Thursday, March 29, 2012

Assume Cylindrical Sharks

Apparently someone in my social circle at college (possibly me) regaled everyone with a math or science question that began "Assume cylindrical sharks..."

I'd forgotten the incident, but it does sound very familiar now that someone has brought it up.  But I still don't remember the context at all.

So of course, I promptly googled "assume cylindrical sharks," and here was the first hit:
Kitefin Shark - Dalatias licha WHAT TO LOOK FOR
This is a medium-sized cylindrical shark with a short, blunt snout, and thick, fringed lips. Its spineless dorsal fins originate behind the pectoral fin rear tips, with the base closer to the pectoral than the pelvic fin bases; the second dorsal fin is larger. It has a weak ventral caudal fin lobe, and most of the posterior margins of its fins are translucent. 
So apparently cylindrical sharks are for real!  Who knew?  (Certainly not me --  I took physics, chemistry and engineering classes in college.  No biology.)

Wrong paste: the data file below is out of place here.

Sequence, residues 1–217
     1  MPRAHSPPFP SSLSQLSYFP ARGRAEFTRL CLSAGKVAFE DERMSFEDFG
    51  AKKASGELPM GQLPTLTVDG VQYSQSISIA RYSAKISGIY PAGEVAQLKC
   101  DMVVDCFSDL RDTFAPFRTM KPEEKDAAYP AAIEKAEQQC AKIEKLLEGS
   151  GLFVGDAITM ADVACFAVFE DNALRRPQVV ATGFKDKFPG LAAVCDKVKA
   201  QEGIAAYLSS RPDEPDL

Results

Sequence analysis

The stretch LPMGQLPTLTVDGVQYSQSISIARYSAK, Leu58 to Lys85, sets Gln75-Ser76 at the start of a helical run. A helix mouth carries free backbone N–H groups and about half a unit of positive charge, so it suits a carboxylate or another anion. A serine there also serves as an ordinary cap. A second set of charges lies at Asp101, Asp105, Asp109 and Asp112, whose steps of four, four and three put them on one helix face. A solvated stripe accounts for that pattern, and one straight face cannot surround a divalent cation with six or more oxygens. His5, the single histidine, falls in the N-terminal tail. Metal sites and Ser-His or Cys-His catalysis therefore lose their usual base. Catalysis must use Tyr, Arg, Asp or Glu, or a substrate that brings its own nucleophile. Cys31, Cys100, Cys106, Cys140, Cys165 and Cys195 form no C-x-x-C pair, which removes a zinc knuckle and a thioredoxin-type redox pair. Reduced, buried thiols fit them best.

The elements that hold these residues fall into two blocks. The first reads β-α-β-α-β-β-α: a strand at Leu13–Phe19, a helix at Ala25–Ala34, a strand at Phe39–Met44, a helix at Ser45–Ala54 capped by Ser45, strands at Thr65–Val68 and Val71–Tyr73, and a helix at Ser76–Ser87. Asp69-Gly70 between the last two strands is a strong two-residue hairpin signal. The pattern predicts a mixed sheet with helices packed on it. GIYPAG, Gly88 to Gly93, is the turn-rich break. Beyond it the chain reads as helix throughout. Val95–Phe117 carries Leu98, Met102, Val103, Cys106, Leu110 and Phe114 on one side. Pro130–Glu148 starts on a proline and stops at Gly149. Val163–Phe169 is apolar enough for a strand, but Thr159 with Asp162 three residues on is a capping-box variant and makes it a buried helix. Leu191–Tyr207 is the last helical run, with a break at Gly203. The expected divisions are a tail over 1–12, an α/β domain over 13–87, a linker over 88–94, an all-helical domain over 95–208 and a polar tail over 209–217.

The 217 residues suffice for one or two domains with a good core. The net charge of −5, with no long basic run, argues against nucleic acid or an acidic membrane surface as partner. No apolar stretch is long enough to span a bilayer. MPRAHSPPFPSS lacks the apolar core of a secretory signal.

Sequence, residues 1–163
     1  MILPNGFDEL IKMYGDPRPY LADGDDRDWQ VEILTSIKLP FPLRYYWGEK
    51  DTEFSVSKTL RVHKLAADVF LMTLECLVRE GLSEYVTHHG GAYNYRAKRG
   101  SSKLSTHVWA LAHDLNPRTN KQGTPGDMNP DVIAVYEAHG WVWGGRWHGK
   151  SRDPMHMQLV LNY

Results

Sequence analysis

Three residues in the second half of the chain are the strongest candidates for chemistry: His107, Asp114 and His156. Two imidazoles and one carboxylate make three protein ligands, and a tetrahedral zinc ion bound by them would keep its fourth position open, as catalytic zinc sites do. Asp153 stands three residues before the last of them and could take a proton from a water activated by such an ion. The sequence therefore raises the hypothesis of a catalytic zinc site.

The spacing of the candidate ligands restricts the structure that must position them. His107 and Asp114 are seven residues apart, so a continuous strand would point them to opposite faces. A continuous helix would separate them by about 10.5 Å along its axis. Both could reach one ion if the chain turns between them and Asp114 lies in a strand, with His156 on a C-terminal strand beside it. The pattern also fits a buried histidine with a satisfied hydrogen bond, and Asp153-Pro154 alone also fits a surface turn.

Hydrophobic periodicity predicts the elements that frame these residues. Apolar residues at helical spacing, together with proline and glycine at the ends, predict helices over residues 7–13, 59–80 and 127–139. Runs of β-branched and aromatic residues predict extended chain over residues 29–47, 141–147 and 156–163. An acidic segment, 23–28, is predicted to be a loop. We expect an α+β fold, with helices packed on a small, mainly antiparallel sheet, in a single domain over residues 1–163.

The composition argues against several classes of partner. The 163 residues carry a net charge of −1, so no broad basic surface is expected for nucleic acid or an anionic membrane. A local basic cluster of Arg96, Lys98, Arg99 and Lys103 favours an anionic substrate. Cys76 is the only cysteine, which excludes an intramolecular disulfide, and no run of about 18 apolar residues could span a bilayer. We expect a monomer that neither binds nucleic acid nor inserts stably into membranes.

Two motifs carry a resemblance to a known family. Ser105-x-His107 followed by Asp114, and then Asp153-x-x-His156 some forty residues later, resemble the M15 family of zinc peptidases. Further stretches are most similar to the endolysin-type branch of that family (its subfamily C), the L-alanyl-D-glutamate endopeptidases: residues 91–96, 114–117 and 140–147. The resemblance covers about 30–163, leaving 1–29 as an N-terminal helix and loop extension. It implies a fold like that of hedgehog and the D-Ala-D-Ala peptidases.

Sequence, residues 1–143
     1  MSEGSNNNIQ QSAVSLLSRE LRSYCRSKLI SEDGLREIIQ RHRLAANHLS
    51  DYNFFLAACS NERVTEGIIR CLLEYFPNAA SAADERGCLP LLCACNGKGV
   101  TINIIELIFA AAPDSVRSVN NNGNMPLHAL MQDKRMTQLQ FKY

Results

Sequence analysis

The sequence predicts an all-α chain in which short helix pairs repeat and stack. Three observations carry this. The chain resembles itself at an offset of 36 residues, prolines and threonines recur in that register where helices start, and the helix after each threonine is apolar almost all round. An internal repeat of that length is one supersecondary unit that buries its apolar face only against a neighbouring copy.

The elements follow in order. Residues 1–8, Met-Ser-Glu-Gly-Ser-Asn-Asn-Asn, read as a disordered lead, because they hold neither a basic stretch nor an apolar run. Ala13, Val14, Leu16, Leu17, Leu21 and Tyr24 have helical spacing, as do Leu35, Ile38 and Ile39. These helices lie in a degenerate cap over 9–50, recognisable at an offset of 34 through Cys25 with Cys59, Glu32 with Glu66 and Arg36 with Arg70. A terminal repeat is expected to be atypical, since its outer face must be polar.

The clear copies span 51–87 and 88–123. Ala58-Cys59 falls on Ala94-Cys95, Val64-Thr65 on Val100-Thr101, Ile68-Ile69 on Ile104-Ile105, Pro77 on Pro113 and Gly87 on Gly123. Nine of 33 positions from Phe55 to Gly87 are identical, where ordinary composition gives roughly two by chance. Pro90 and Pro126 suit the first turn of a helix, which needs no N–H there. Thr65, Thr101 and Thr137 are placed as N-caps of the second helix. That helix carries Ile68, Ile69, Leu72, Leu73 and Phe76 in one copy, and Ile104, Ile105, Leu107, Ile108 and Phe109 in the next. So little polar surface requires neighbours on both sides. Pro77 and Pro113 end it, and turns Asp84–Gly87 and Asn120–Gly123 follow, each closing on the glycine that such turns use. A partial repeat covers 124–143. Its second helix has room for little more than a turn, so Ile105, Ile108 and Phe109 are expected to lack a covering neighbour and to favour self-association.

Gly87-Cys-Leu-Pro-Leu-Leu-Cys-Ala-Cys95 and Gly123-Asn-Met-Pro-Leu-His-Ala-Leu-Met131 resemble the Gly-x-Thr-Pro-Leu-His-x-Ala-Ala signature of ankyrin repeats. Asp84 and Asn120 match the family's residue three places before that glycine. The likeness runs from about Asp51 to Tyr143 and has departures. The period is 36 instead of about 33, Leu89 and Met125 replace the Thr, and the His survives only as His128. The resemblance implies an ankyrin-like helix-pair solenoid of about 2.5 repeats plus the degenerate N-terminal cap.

Wednesday, March 28, 2012

Butterflies and Hunger Games

My mom had 4 hours in town, so I took her to the Museum of Natural History.  The tickets (for admission + one special feature) were a lucky draw from a Christmas gift exchange.  We chose the live seasonal animal exhibit: butterflies.  Amazing.  We spent a vast amount of time in there, gazing, photographing with a low-quality phone camera, and (most thrillingly) having them land on us.  One of the large, lovely black-and-white ones actually landed on my right eyelid and stayed there for a while.  There were also large butterflies whose wings, when closed, showed a sort of soap bubble or peacock design in muted browns and taupes... but offered brilliant flashes of bright iridescent blue when they flew about.  And solid orange  ones with elongated wings.... And more.  Afterward, we passed through my favorite Pacific Northwest exhibit (with all the cool multi-part masks) and dined at a museum cafe.  Probably should have gone to the food court; the cafe is not the grown-up-oriented stronghold they suggest (we had two kids circling our table and yelling as they chased each other).

I dropped my mom off for her return journey and then met up with G-san for The Hunger Games.  I thought it was really good, and found some of the scenes incredibly moving.  (I was wiping away tears even for scenes I'd seen before in the trailer.)